A number of Democrat-led states are considering rolling back mask mandates
President Joe Biden says leaders are probably premature to consider dropping Covid mask mandates, as a number of Democratic states consider doing away with the scientifically verified mitigation strategy.
“Losing masks is probably premature,” Mr Biden told NBC’s Lester Holt on Thursday, though he also noted the “profound impact on the psyche of the American people” that the continued pandemic has taken.
On Thursday, Nevada dropped its indoor mask mandate for most places besides healthcare facilities. Meanwhile, states like Connecticut, Delaware, New Jersey, Oregon, Rhode Island, California, New York, Illinois, and Massachusetts are considering joining the many GOP and Southern states which have dropped or never had tight masking rules.
“It’s hard to say whether they are wrong,” Mr Biden added in the interview. “They set a time limit and I assume it has something to do with whether the Omicron variant continues to dive.”
Still, the president, as well as the CDC director, have insisted that leaders should still be encouraging masks.
“Now is not the moment” to ditch masks, the CDC director Rochelle Walensky said earlier this week.
A sense of urgency may be on the wane when it comes to mask mandates, but Covid has hardly abated.
The worst of the Omicron surge appears to be over, but average weekly cases in the US were still over 169,000 on Thursday, still higher than much of the pandemic, including the period when the vaccine wasn’t available. The only time there have been more cases has been during the worst of the recent omicron surge, and last winter’s spike in Delta-drive cases.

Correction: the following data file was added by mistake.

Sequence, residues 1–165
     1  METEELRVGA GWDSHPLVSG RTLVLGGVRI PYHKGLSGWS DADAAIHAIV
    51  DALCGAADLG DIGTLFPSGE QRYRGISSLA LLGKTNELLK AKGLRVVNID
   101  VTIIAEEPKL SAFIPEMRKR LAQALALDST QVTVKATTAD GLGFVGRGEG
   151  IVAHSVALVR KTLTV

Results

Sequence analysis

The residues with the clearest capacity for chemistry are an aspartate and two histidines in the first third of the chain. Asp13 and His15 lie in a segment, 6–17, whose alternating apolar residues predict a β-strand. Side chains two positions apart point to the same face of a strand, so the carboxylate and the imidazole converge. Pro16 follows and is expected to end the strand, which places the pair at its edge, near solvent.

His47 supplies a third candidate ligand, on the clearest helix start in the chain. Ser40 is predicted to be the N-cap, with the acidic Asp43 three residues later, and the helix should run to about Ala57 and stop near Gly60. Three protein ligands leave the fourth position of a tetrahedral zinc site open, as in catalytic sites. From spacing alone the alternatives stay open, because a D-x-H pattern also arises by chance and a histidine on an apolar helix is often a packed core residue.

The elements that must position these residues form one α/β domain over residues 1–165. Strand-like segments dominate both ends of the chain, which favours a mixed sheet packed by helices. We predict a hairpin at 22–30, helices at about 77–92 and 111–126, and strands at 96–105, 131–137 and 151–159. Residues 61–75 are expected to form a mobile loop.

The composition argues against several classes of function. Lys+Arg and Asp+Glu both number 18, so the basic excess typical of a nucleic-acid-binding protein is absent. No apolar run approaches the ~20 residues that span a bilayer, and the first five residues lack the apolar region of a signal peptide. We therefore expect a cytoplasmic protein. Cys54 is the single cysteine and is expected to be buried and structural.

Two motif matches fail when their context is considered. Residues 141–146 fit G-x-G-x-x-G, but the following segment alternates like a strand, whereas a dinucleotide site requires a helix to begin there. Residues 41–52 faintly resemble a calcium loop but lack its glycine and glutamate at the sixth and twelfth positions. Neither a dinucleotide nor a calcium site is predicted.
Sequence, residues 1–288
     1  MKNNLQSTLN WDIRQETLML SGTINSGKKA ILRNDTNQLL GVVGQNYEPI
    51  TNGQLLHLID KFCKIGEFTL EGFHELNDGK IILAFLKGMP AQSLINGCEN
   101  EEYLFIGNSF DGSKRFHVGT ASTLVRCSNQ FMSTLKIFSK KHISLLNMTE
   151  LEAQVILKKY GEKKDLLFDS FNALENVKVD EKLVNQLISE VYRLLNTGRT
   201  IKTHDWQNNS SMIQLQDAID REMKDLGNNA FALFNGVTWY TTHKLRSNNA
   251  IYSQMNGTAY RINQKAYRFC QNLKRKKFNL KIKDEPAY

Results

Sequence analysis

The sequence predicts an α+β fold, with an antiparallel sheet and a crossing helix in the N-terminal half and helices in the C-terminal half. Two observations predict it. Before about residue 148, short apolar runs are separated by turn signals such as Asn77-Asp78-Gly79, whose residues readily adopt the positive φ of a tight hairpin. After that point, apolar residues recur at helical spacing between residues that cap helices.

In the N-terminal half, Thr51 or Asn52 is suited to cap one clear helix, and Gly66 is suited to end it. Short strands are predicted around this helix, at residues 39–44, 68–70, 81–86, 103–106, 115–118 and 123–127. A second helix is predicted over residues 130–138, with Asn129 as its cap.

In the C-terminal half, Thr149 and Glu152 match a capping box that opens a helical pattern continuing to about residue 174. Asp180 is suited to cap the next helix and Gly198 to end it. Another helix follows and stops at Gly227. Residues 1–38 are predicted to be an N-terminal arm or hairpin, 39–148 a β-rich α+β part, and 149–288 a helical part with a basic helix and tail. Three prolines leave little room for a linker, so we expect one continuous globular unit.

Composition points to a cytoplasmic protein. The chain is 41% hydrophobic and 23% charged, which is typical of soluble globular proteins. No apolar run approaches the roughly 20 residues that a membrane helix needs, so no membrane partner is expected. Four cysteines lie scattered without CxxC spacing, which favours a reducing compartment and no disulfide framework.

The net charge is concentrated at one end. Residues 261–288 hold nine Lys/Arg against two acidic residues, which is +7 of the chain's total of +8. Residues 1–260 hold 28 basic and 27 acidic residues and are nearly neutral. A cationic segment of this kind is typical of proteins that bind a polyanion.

Speaking at a recent roundtable of public health experts, Dr Georges Benjamin, executive director of the American Public Health Association, said the Biden administration had “started off really well” battling the pandemic, but, “the challenge is that this virus continues to throw us curves,” he told NPR.
Experts have praised Mr Biden’s emphasis on expanding vaccine access, restoring trust in public health officials after the chaos of the Trump administration, and passing the $1.9 trillion American Rescue Plan.
Still, the president has failed to convince or reach nearly a quarter of the population, mostly Republicans, who haven’t received a single dose of the vaccine.
Still others have argued that the administration has put too much faith in vaccination alone to get us out of the pandemic, neglecting to develop strategies like widespread disease monitoring, easily available high-quality masks and Covid tests, and other mitigation strategies.
“I do think that there may have been an overemphasis on vaccination as being the easy way to solve this at the cost of testing and other mitigation strategies that we could have continued to do to reduce some of the burden that we’ve seen,” Seema Lakdawala, a University of Pittsburgh virologist, added in the NPR discussion.
Of course, there are things that are out of Mr Biden’s hands, such as the onslaught of two powerful Covid variants, each more powerful than the last, as well as America’s decentralised federal governing structure, which gives the president little influence over the decisions of states, school officials, and other drivers of public health policy in day-to-day life.